Like most toddlers, my 4-year-old loves asking questions. One day, during a 15 minute drive, I counted 25 questions he asked. I don’t always have answers for some of his questions, though, which causes him great frustration. He wants an answer, and he wants it now. We adults like answers too, don’t we? In fact, I think this dislike of not having all the answers is one reason we shy away from Bible study. We only read the books we’re familiar with, because we don’t want more questions than answers. Or, we stick to the 5-minute devotional that only gives a tiny bit of God’s Word. Actual Bible study seems like hard work. We aren’t willing to invest our time nor are we willing to sit in the tension of unknowns. When all we want from the Bible are easy answers, fill in the blanks, and step by step instructions, we miss the point. The point is to know God, and he’s indescribable. His character can’t fit in a simple blank. The Bible is a rich treasure, and God is worth knowing. There are grave dangers when we don’t study God’s Word. How do we know God without studying it? How can we know how we’re to live? Also, how can we spot false teachings if we don’t know the real thing?
I remember the first time I studied Colossians using cross-references. Quickly, I grew tired of the flipping and was ready to give up when the Lord convicted me. If I can joyfully work hard at perfecting my homemade cookie recipe, then I should work hard with even MORE joy at studying his Word! After all, Bible study reaps eternal benefits, while homemade cookies are just an investment in my sugar intake. More recently, I experienced this tension of the unknown when I studied Haggai. A particular section (Haggai 2:10-19) really confused me. I wasn’t sure what the text said or meant. In these moments, I’m tempted to do one of two things. First, I just keep going. I think, “I don’t need to know that right now” (and there will be times when we wrestle and still don’t have answers; that’s okay!). Second, I immediately reference study Bible notes (these are wonderful, and I still use them, but I try to after some personal prayer and wrestling). Friends, while it seems easier to gloss over these tough sections, don’t! There’s beauty in these difficult passages, so instead of running, here are some things we can do:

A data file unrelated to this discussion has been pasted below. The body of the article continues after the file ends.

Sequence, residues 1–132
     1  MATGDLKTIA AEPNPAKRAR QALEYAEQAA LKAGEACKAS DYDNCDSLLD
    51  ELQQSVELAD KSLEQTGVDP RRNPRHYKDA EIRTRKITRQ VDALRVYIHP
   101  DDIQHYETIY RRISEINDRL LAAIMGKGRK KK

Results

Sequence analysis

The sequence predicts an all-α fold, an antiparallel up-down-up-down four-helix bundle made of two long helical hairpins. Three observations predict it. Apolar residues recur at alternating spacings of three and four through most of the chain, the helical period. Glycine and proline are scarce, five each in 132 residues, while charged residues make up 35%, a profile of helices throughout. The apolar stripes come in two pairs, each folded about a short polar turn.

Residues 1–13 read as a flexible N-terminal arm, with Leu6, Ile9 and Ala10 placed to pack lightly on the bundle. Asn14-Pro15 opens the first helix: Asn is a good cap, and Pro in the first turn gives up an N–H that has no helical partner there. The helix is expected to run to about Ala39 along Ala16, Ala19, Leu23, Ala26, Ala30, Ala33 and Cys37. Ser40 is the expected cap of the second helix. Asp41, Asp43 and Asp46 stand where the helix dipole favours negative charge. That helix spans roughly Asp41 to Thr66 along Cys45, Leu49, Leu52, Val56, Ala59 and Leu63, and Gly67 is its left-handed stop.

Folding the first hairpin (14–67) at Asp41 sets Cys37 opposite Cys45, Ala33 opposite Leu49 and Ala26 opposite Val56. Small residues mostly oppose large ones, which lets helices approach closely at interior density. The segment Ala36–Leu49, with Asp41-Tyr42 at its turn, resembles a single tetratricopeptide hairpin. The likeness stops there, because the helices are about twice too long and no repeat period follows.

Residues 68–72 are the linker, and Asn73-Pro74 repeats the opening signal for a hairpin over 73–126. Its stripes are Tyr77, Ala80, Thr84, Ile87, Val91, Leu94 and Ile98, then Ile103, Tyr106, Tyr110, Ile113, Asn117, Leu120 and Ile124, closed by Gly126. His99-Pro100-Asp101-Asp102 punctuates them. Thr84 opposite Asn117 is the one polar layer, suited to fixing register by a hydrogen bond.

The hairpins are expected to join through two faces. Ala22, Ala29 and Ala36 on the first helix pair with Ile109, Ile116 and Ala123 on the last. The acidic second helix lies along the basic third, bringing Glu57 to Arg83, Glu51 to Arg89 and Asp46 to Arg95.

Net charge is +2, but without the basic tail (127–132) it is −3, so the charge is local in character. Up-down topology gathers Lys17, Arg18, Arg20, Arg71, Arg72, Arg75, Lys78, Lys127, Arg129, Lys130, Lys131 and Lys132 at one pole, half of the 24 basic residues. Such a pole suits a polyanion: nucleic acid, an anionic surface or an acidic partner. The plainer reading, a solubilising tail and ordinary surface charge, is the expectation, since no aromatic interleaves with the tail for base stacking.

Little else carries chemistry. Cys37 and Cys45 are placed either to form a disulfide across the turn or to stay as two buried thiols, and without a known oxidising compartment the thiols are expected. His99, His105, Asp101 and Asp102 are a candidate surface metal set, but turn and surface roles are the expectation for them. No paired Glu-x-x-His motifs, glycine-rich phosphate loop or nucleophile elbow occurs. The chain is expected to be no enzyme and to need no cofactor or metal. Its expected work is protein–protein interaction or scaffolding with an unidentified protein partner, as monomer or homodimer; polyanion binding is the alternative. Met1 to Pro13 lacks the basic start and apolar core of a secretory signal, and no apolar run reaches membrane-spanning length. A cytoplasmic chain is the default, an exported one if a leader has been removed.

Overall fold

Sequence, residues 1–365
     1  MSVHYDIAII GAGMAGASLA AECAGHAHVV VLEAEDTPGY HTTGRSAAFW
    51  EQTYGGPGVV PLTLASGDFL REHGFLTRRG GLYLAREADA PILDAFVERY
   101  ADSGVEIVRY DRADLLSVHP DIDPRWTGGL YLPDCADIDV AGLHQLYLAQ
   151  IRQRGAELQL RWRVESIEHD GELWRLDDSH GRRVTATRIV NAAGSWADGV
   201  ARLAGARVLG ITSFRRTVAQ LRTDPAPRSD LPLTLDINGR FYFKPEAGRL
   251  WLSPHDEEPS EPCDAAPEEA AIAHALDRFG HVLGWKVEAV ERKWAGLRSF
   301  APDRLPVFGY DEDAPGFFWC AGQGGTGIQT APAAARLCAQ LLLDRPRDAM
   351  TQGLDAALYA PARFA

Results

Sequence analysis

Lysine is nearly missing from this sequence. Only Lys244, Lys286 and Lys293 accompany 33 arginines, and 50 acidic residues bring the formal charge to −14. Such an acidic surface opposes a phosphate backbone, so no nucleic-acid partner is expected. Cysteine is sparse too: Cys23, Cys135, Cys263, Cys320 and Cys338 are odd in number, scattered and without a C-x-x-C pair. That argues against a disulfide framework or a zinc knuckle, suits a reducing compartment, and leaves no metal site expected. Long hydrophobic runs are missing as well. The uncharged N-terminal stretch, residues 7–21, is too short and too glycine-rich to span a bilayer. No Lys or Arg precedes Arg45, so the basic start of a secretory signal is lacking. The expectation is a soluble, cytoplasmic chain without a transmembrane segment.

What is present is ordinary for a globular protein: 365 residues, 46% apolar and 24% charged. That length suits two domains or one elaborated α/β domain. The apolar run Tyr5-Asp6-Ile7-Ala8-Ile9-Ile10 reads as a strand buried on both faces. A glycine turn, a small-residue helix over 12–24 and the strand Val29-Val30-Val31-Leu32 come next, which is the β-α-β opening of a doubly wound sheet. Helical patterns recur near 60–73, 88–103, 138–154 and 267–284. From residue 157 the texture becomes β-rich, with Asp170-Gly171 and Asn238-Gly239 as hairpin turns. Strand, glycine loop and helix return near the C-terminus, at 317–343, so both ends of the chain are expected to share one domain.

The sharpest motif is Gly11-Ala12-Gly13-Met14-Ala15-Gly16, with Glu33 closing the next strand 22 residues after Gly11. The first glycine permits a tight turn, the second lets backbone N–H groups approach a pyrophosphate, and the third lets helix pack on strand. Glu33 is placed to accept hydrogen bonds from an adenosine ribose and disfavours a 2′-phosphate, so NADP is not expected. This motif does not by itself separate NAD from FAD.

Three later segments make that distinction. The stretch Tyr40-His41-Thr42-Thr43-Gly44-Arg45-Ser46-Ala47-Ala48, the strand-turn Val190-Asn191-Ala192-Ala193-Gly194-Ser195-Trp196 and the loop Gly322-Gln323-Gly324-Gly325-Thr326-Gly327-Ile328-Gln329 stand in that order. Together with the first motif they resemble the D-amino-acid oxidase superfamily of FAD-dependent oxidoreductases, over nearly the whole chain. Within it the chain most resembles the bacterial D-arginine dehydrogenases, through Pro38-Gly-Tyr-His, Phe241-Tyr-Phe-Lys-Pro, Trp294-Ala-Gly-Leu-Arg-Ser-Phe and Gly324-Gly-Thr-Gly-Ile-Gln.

PRAY. This is obvious, but we easily forget this. We have full access to the Author of the Bible. It’s crazy to think we can rightly study it without seeking him. We pray before study, asking God to illuminate his Word to us. We pray during our study. Some days, I pray for focus (like, “Lord, help me stop thinking about laundry!”). Other days, I pray for those tricky passages, asking for help to rightly understand. Of course, we also need to pray after we study. This is another area I struggle with focus, so I started using the Scripture I studied to guide my prayers. It helps me focus, but more importantly, it more closely aligns my prayers with God’s Word. Sometimes, these prayers are praises for who God is. Other times, it’s confession as my sin is revealed. Usually, the Spirit prompts me to pray for lost people, things going on in my family’s life, or other needs around me.
Read, read, and read some more. There’s much to glean from reading the same passage repeatedly for multiple days. With that particular passage in Haggai, I read it for about a week before I finally started piecing together its meaning. Re-reading helps the passage become familiar. Scripture about the Law that seemed foreign on Monday won’t seem so foreign by the time we read it again on Friday. It also helps us see new things. Usually, something clicks on the fifth time that didn’t click the first time. For auditory people, listening multiple times could be helpful as well.
Focus on themes/keywords. Repeated reading helps us notice these. In Haggai, the Scripture I struggled with talked about holy vs. unholy. I made a chart organizing what the passage said. This visual was really helpful. If there are several themes/keywords, then, by all means, take several days jotting down what the Scripture says about each of them. Bible study isn’t about how fast we can get from point A to point B. Sometimes, the study is slow, and that’s okay.
Use cross-references. Scripture interprets Scripture. Basically, we can use the Bible to determine what another part of the Bible means. In Haggai, this confirmed that what I thought about the passage was correct. Other times, this helps us shift our thoughts to be rightly in line with Scripture.
Use a commentary/study Bible notes. Studying God’s Word rightly is so important. What the Bible meant originally is what it still means today. After we do our own wrestling, these resources are excellent to enhance our study. Personally, I love my ESV Study Bible.
After spending a week or so struggling with that Haggai passage, it clicked! The joy God gave me as he guided me from wrestling to understanding is indescribable. I believe the Lord wants to walk through these difficult passages with us. As parents, we don’t want our kids to shy away from hard things, do we? When our boys learned to ride their bikes, it was hard. However, they didn’t give up just because of that. My husband stood by them as they wrestled with learning to pedal and balance. Our walk with the Lord is like this. Our Father wants to walk with us as we wrestle with the questions and unknowns. Dear friends, God’s Word is worth our effort and time. We’ll never have all the answers, but that’s one of the beauties of it. There’s absolutely no benefit from not studying, but there are boundless, eternal benefits when we do study it. By becoming students of the Word, we have everything to gain and nothing to lose! May we be faithful students of God’s Word, daily uncovering the treasure that it is!